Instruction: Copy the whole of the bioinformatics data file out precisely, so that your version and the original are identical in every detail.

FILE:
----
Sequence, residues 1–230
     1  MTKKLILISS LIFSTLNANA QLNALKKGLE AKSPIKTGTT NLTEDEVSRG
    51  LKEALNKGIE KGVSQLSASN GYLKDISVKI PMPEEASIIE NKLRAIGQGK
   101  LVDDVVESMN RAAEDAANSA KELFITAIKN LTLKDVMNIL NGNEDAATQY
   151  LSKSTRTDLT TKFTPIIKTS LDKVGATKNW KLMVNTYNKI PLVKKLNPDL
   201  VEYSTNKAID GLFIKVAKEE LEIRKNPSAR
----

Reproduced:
Sequence, residues 1–230
     1  MTKKLILISS LIFSTLNANA QLNALKKGLE AKSPIKTGTT NLTEDEVSRG
    51  LKEALNKGIE KGVSQLSASN GYLKDISVKI PMPEEASIIE NKLRAIGQGK
   101  LVDDVVESMN RAAEDAANSA KELFITAIKN LTLKDVMNIL NGNEDAATQY
   151  LSKSTRTDLT TKFTPIIKTS LDKVGATKNW KLMVNTYNKI PLVKKLNPDL
   201  VEYSTNKAID GLFIKVAKEE LEIRKNPSAR